Note: this post was originally written as an Atomic Essay as part of Ship 30 for 30 and posted on Twitter. I’ve copied the essay content here so it isn’t just lost in the endlessness of the Twitter feed. Enjoy!
In a society that reveres the quick fix, I know it’s tempting to outsource your personal growth, slap someone else’s framework on your life and hope for the best. But, unfortunately, for most people that doesn’t lead to lasting transformation.
I’ve spent over a decade now immersed in the personal development space. It feels like I’ve read all the books and tried all the advice. But as I continued to look outside myself for guidance, the personal transformation I was seeking continued to feel elusive.
It can be a bit of an addiction really, like you’re always waiting for the magic approach that will finally change everything and it’s just up on the horizon. So you keep trying things and then feeling disappointed when they don’t work. And then cycle repeats itself.
The bottom line is that one-size-fits-all approaches don’t work
It’s ok for people to share what worked for them, but we need more people teaching others how to find their own path. We need encouragement to be open to experimenting and detaching from the outcome.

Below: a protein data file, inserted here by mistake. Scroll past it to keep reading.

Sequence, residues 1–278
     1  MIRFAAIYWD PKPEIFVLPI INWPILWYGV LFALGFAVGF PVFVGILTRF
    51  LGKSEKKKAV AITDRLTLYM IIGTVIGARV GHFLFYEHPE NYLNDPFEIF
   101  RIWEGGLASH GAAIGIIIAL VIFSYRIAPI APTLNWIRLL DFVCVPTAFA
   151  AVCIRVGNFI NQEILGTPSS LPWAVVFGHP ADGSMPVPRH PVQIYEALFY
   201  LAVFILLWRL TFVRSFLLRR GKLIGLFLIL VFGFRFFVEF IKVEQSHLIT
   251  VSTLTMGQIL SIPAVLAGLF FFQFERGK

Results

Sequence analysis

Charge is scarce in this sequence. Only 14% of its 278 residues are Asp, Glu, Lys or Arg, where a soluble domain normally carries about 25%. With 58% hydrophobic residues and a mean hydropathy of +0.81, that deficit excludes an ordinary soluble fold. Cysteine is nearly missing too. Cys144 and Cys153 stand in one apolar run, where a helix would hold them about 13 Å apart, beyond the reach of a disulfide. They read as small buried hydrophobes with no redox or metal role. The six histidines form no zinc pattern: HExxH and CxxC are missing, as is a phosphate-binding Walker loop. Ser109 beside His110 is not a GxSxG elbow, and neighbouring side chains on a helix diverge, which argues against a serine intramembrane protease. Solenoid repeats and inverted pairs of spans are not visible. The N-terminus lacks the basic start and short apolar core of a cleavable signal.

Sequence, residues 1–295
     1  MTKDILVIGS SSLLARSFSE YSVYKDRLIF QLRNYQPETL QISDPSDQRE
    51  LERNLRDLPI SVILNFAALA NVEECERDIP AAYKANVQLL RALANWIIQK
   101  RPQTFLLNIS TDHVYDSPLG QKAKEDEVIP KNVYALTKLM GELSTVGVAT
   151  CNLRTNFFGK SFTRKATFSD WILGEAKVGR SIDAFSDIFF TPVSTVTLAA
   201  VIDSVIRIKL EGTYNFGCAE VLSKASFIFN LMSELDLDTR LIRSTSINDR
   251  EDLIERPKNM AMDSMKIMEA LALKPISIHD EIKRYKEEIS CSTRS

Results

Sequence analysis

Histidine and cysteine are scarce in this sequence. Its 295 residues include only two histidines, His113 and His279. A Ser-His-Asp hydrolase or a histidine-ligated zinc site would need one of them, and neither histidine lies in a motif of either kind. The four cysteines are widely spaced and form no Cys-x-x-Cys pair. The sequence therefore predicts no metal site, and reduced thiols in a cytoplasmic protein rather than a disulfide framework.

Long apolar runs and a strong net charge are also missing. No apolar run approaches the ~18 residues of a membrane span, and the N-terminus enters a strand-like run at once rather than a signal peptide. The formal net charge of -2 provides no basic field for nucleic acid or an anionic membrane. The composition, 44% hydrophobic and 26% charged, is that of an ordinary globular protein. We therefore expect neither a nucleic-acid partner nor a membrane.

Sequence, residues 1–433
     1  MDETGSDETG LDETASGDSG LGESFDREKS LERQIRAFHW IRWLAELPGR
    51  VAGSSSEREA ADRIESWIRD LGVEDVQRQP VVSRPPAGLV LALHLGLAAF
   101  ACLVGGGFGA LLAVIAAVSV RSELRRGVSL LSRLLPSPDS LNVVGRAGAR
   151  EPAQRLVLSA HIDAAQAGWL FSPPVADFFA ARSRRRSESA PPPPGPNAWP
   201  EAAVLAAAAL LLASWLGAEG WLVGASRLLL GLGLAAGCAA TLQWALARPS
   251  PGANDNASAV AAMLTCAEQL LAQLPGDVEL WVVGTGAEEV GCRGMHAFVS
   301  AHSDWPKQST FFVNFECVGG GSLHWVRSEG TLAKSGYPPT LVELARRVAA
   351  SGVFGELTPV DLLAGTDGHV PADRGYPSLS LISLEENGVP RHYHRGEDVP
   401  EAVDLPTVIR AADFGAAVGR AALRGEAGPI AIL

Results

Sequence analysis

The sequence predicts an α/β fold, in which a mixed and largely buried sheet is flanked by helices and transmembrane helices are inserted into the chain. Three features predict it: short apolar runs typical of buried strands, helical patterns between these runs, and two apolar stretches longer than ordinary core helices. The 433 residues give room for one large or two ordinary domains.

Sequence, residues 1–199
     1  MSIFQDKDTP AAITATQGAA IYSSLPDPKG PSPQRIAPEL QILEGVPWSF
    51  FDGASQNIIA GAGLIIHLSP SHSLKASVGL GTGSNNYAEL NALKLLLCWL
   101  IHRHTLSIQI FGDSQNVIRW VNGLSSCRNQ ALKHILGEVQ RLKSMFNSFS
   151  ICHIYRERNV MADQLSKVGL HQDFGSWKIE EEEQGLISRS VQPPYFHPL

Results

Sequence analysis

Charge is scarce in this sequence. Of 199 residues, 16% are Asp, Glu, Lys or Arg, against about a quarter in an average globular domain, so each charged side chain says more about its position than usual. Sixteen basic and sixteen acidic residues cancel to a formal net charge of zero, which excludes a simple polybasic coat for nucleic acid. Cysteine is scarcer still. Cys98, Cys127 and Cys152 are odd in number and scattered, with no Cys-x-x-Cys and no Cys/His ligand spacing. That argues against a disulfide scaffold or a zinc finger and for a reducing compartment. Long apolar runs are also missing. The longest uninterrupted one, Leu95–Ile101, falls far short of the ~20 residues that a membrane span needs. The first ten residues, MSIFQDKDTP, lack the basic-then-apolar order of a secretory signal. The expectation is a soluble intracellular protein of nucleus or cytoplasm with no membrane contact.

Using someone else’s framework is a shortcut that lets us avoid doing the real work of transformation.
But if this approach doesn’t work then why do we keep doing it?
Vulnerability makes us uncomfortable
Many of us are scared to look too closely because it requires us to be vulnerable and shine a light on our flaws. If we can just take an existing set of steps and apply it to our life then we can avoid the deeper dive into our psyche – our thoughts, emotions, habits, core beliefs, self-talk, etc.
We’re too wrapped up in shame and fear and want to avoid feeling worse about ourselves.
But what if being vulnerable and willing to examine our so-called “flaws” is actually the thing that will unlock more acceptance of ourselves?
What if it would give us more confidence, more understanding and the ability to work within our specific nature so that we feel less shame and guilt? Wouldn’t that be worth it? Personally, I think it would.